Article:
Nance’s activism has spanned a broad range. In 1999 she worked for conservatives fighting a nuclear test ban treaty favored by President Clinton, and the previous year she helped organize a rally in Washington to demonstrate women’s dismay at Clinton’s sex scandals, according to an account in The Washington Times. This year she signed letters calling for an end to Senate filibusters of judicial nominees and urging Bush to appoint a Supreme Court justice “who understands the difference between cherished liberty and ruinous license.”

Nance has previously taken a direct interest in issues of broadcast indecency. “It is time the networks revisited the family hour,” she wrote in a bylined article in The Washington Times on May 5, 2003. The family viewing hour resulted from an agreement among major broadcast networks to keep graphic programming off the air from 8 p.m. to 9 p.m. when children are most likely to be watching.

In January, Nance joined others in the letter urging Bush to
appoint as FCC chair someone committed to enforcing indecency laws. Other signatories included stalwarts of the conservative political movement such as Tony Perkins, president of the Family Research Council, and Phyllis Schlafly, president of Eagle Forum, as well as longtime FCC critics Donald Wildmon, chairman of the American Family Association, and Brent Bozell, president of the Parents Television Council, who both argue the agency has shirked its responsibility to crack down on indecent broadcasts.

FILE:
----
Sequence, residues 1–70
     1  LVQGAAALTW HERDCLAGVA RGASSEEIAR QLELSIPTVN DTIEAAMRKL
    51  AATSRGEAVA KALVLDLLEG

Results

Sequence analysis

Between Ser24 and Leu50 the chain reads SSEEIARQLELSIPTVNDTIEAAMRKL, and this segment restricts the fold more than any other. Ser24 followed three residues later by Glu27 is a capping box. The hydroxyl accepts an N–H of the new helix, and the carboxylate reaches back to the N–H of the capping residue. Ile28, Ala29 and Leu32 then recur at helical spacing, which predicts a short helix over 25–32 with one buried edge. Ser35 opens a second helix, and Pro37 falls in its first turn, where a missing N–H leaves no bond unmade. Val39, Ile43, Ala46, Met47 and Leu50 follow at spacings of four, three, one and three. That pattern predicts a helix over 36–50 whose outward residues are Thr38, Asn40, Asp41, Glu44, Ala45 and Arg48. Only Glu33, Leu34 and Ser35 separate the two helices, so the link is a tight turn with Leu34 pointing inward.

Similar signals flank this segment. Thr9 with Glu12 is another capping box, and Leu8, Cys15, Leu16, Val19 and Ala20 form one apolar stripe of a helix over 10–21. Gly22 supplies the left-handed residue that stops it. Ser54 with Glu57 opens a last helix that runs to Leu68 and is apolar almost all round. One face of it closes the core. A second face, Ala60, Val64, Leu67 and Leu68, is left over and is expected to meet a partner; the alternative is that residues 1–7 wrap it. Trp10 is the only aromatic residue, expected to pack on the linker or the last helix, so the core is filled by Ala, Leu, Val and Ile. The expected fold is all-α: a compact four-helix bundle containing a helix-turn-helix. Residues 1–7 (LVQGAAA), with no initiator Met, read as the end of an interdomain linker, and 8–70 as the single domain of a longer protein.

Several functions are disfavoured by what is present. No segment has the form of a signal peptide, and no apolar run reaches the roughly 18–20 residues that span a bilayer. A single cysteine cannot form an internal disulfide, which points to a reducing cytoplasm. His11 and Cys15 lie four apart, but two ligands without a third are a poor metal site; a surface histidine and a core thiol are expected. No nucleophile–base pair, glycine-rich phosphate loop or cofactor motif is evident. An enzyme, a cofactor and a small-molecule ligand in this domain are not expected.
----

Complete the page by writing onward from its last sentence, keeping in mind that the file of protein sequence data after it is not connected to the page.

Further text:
“The breakdown of standards on TV and radio is a ‘moral values’ problem we cannot ignore,” said the letter to Bush, which was widely interpreted in D.C. as a plea to appoint Martin. It called for “repeated and expanded” fines “until broadcasters understand they are not above the law.” It also cited “a huge indecency problem on basic cable channels.”

Cable operators are facing demands that they offer subscribers channel-by-channel program selection, in part so consumers need not subsidize racy programming that is part of broad programming tiers. Such an approach is favored by consumer groups that want to cut monthly cable bills and by many cultural conservatives, including the Concerned Women group that Nance served.

Another religious wacko serving in our supposedly secular government. I have no doubt whatsoever that the Republican Party's goal is to turn this country into a Christian theocracy, wherein every citizen must answer to The Bible's laws.

I'm often asked why I think religion is such a pernicious influence. Though this is a perfect case in point, I'd gladly trade away my prime example to have this small-minded, bigoted, Bible-thumping wacko out of our government.

For a number of years now, this country has been crumbling faster than did the Gulf Coast from Katrina. Sadly, in another similarity, I see no real hope in sight.


Anonymous Anonymous said...

This is my head, meeting the desk. Hello, desk. We'll be knowing one another well for at least three more years.

2:30 AM  
Blogger The Libertarian Defender said...

I know exactly how you feel.

Being rational and logical, in this country, at this moment in time, is tremendously frustrating.

Thanks Bush! You've succeeded in reaching your goal: The worst president in more than 100 years.

8:26 PM  
Blogger kristy said...

real good kids change, learn, or stay the same with their own internal clocks. some kids get lost in their familys beleifs but end up comeing out with their own reasons and ways of beleiving.
Being alone, silent, and completely away form jobs society and bad television for a long number of years taught me good.

6:59 PM  
Blogger The Libertarian Defender said...

Welcome to the blog! Hope you come around often! Always good to see new "faces" and new names.

11:26 PM